Crashed Computer Got You Down?  Don’t lose any files with the right Cloud Backup 

We all know we should perform backups to protect our data. Unfortunately, this is an easy task to put off. Throw in the fact that most people are not aware of how backups should be performed, and the task is high on the list of things we simply ignore.  Hopefully, this article will change your behavior, as well as outlook on Cloud backups. 

Services, such as Cloud backups, work well with personal computers. For on-campus PCs, though, IT recommends that the department purchase external hard drives or USBs for when backing up work-related files. IT provides an in-depth tutorial on how to backup your Windows 7 or Windows 10 PC.  

Backups can also be done on personal devices. However, with popular cloud sharing apps, it is difficult to discern the differences between backup and syncing services.  Online syncing services, such as Dropbox, Google Drive, and OneDrive, only copy items in designated folders to other computers and mobile devices. Unless you pay extra for additional storage, these syncing services offer a limited amount of file storage.  When syncing, files are uploaded from your computer to the server, then accessible by broadcast to your other devices. 

In contrast to syncing, online backup services continually save a copy of every personal file on your computer to a safe offsite data center. With backup services, the service initially copies the data from your computer to the server, where it will remain until you need to recover the file. 

Below are the top 4 backup services currently available and how they compare. 

  1. Blackblaze

At only $5 per month, or $50 per year, Blackblaze offers unlimited online storage for one PC or MAC device. This service automatically backs up all files and folders, excluding system and application folders. File uploads are quick and run in the background, allowing users to continue to work as everything is uploaded. Restoring files can be done through the web interface. For larger file restorations, Blackblaze offers a 128 GB flash drive for $99, or a 4 TB external hard drive for $189. They also offer 128-bit encryption for added security.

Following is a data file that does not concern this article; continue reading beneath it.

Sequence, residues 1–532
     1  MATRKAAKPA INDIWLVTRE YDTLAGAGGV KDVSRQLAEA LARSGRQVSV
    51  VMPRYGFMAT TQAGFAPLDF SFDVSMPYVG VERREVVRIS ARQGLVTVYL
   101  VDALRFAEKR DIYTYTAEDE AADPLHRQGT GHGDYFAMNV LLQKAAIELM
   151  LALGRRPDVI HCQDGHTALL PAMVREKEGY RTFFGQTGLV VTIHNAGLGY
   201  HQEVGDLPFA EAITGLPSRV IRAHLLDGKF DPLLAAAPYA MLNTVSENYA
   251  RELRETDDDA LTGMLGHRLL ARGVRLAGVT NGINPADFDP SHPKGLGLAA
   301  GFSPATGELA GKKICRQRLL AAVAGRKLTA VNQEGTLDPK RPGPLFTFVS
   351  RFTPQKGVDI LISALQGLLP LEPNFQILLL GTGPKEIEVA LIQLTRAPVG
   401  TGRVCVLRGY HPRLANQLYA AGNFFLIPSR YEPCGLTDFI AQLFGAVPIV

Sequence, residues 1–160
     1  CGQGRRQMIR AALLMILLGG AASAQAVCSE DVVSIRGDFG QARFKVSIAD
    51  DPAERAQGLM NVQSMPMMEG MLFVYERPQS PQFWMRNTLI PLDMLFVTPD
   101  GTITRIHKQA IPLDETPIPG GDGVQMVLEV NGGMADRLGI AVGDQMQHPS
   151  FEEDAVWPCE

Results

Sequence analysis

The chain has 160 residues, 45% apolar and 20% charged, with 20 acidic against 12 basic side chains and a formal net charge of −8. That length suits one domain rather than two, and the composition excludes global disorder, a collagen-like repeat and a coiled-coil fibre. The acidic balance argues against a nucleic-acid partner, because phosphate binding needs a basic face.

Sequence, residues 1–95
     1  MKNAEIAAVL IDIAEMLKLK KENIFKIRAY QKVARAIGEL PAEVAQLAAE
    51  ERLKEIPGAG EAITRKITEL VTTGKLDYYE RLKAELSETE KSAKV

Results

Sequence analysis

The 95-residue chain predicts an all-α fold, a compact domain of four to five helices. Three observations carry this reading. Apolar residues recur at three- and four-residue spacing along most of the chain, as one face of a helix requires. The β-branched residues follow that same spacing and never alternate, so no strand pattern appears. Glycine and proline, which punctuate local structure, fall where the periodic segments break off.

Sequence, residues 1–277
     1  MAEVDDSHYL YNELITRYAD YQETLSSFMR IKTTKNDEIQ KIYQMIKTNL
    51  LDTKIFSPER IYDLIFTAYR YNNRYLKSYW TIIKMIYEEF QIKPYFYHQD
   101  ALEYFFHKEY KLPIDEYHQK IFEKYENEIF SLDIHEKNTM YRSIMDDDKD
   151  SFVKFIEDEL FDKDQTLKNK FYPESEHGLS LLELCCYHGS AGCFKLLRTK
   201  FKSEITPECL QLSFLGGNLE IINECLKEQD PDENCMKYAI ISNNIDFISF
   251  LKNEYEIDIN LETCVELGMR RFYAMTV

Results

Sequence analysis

1. iDrive

iDrive is fast and easy to use and can be accessed either from their website or application that is installed on the computer.  It costs roughly $70 per year for 2 TB of storage and unlimited machines. It does have a free 5 GB plan. This service does not delete old files, which allows files to pile up and fill storage space. Like Blackblaze, iDrive also offers a larger restoration of backup files via an external hard drive they can ship you. It is for free once per year, however, any additional restorations cost $60 each time. Like Blackblaze, iDrive also offers encryption of the file. 

  1. Acronis

This is an easy to use backup and restoration service, which can be accessed through their website. However, it requires an empty storage drive for full-disk restoration. While it does not use much CPU resources running in the background, it is rather expensive: $100 for 1 TB of cloud storage. Unlike other services, Acronis offers unlimited deleted-file protection, meaning that files are only kept for 30 days when they have additional copies of the same file. This service also offers 256-bit AES encryption. 

  1. Carbonite

Carbonite offers several subscription plans. Their basic plan provides the backup of one computer and starts at $72 per year. This service allows users to browse every file on their computer and whether that file is set to backup or not. All files are protected by 128-bit encryption. As with the other backup services, Carbonite will ship out an external drive containing your full backup. For basic users, this feature costs $99 each time and if the drive is not sent back within 30 days, they will charge you another $130 for the drive.  

Disasters happen!  You need a plan in place that will allow you to restore your important files and photos.  By having an online backup, your important documents are just a click away. 

 

 

Authors: Aaron Alter and Emily Cieslewicz 

 

 

References 

Berg, Dann, and Paul Wagenseil.  “Best Cloud Backup Services 2018.”  Tom’s Guide, 13, April, 2018, https://www.tomsguide.com/us/best-cloud-backup,review-2678.html. 

 

 

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